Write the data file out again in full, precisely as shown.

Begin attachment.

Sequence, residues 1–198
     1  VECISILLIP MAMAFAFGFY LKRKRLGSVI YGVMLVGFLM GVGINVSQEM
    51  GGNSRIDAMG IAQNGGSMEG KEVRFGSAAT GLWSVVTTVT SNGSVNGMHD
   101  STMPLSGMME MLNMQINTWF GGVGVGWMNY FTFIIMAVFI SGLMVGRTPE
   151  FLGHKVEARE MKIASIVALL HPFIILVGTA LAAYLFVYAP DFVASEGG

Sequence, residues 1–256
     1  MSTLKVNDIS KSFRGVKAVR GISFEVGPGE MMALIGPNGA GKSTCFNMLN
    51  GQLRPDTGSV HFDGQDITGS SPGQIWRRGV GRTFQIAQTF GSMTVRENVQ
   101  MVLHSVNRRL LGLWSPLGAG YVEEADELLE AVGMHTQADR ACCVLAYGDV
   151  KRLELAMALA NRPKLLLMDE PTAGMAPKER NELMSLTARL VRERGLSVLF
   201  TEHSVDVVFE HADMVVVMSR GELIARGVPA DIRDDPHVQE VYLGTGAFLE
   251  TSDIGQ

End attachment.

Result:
Sequence, residues 1–198
     1  VECISILLIP MAMAFAFGFY LKRKRLGSVI YGVMLVGFLM GVGINVSQEM
    51  GGNSRIDAMG IAQNGGSMEG KEVRFGSAAT GLWSVVTTVT SNGSVNGMHD
   101  STMPLSGMME MLNMQINTWF GGVGVGWMNY FTFIIMAVFI SGLMVGRTPE
   151  FLGHKVEARE MKIASIVALL HPFIILVGTA LAAYLFVYAP DFVASEGG

Sequence, residues 1–256
     1  MSTLKVNDIS KSFRGVKAVR GISFEVGPGE MMALIGPNGA GKSTCFNMLN
    51  GQLRPDTGSV HFDGQDITGS SPGQIWRRGV GRTFQIAQTF GSMTVRENVQ
   101  MVLHSVNRRL LGLWSPLGAG YVEEADELLE AVGMHTQADR ACCVLAYGDV
   151  KRLELAMALA NRPKLLLMDE PTAGMAPKER NELMSLTARL VRERGLSVLF
   201  TEHSVDVVFE HADMVVVMSR GELIARGVPA DIRDDPHVQE VYLGTGAFLE
   251  TSDIGQ